I recently harvested some herbs from the garden in my backyard.
Since Processing herbs to air dry is really easy, I figured I would share for those that have never done it and want too!
Keep in mind air drying can be tricky in humid areas, and can result in molded herbs… I live in North Texas and can air dry just fine. I would suggest knowing your climate for best results.
Step 1: Make the Cut
Holding your snips (or scissors) at a diagonal, cut the stem just above new growth.
This allows your plant to continue producing more herbs… and you to have future harvests! This is actually a very healthy and happy process for your plant.
Find the new growth toward the bottom of the stem and cut at a diagonal
This picture shows where I snipped off my harvest just above the new growth… allowing plant to continue growing!
Step 2: A Nice Cool Bath
Wash your cut herbs with cold water. I use a very mild soap bath to soak them in first (for about 30 minutes), then rinse in fresh clean water.
This bath will kill off any bugs hanging around and help remove animal accidents that you may not have noticed. Nature can be gross… the dried herbs you cook with shouldn’t be.
I harvested a bath tub full of herbs this time around… but normally I would wash them in the kitchen sink.
Step 3: Be Picky
Go stem by stem and pinch/cut off the bad leaves.
Look for and remove leaves that have been eaten by bugs, have mold spots or other imperfections that make the leaf seem “not right”. When in doubt, go with your instinct. If it doesn’t seem right, and you wouldn’t want to eat it… don’t! Pop it off and throw it out.
Tip: Don’t compost moldy or diseased leaves. It is best to throw those leaves away or burn them. You don’t want to breed disease in your compost, leaving you with “sick” fertilizer.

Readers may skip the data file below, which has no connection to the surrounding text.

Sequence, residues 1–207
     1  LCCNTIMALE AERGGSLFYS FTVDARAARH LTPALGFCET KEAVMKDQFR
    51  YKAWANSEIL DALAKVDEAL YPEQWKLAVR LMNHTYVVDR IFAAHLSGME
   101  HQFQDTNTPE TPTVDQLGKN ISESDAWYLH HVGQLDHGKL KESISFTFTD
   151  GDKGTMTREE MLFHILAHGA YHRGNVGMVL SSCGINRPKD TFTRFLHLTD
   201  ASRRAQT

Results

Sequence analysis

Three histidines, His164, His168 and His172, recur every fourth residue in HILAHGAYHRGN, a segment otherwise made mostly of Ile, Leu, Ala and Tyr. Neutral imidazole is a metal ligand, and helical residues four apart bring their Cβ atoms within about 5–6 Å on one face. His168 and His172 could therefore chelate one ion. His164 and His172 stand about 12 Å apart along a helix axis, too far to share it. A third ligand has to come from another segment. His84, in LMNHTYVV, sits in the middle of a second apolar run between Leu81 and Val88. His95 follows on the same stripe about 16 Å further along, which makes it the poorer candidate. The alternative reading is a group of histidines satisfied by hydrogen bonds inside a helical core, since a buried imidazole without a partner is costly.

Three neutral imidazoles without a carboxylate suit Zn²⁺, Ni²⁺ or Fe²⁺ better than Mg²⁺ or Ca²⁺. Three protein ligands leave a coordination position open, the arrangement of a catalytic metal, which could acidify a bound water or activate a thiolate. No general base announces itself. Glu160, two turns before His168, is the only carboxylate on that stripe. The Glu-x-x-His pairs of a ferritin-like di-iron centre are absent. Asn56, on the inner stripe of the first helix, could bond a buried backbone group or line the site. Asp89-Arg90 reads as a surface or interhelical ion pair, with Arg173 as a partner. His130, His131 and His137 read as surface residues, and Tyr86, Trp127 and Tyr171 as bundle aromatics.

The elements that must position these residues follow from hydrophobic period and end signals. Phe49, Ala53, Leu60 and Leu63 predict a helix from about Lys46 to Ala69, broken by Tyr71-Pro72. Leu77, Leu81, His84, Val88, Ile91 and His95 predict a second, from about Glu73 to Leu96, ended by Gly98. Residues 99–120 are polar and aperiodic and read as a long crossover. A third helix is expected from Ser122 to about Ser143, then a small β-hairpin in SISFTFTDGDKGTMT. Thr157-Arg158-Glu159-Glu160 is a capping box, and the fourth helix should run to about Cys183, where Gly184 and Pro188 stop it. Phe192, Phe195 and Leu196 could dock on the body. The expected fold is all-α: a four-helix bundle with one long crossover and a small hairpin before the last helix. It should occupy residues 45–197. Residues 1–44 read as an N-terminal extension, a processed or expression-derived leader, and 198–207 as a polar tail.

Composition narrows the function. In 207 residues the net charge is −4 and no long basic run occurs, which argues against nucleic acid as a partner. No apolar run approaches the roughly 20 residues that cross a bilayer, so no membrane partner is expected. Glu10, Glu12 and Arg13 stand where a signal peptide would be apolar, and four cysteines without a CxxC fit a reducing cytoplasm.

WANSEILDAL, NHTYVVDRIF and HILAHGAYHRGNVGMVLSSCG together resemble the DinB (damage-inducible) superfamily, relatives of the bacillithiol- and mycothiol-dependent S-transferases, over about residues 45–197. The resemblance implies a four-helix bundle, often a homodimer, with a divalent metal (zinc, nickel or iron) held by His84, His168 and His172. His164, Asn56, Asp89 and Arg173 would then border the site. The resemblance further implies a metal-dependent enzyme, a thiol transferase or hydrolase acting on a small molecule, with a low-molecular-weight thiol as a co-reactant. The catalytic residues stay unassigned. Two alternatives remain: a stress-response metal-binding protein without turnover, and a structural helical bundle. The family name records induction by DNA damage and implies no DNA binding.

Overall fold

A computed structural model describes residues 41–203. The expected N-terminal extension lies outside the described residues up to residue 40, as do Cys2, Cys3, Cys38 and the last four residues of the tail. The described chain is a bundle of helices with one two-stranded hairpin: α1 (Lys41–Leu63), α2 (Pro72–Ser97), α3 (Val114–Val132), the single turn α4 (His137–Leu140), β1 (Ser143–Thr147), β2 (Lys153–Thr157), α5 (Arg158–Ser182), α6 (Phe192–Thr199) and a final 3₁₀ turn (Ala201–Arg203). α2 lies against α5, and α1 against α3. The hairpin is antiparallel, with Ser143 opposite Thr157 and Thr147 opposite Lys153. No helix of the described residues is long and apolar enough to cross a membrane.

Mold on leaf
Pinch’d off moldy leaves to throw away… Rest of stem is ready to set aside on drying towel.
Step 4: Air ’em Out
Lay your pruned stems out on a dry towel for 30 minutes to an hour. Letting the leaves dry from the bath.
This will help keep them from molding.
Step 5: Tie ’em up
If you are working with more than one type of herb, keep the herbs in their specific groups. Meaning- oregano should hang in ‘oregano only’ clusters. Once the herbs dry they are hard to separate Splitting them in this way now, will make it easier for you later.
Tie the bunches with cotton string. They can be big or small bunches depending on your window space and the herb stem size.
Just remember not to oversize the cluster in order to reduce the amount of molding that can happen in the center of the bunch if it doesn’t receive enough air flow.
Important Tip: Tie a slip knot around your herbs… because as they dry the herbs will shrink in size and the string will loosen. With a slip knot, you can tighten the string to fit the cluster as it shrinks.
Step 5: Hang ’em Up
I like to pick a sunny window, because the heat helps create a dry environment for the herbs.
I remove the curtains from the window and use the existing curtain rod to hang my herbs from… it’s an easy trick.
my kitchen window makes a good home for smaller herb clusters
And a larger window works for the long stemmed basil clusters
Step 6: Dried Out
Leave the herbs alone for a few weeks.
Once they are nice and dry/brittle to the touch… they are ready to be gently removed and crunched up into little spice jars for cooking.
It’s that simple! You can totally handle drying your own herbs. Haven’t started an herb garden yet? Try it out on some cilantro from the grocery store!
Let me know if you have any questions about the drying process! Good Luck!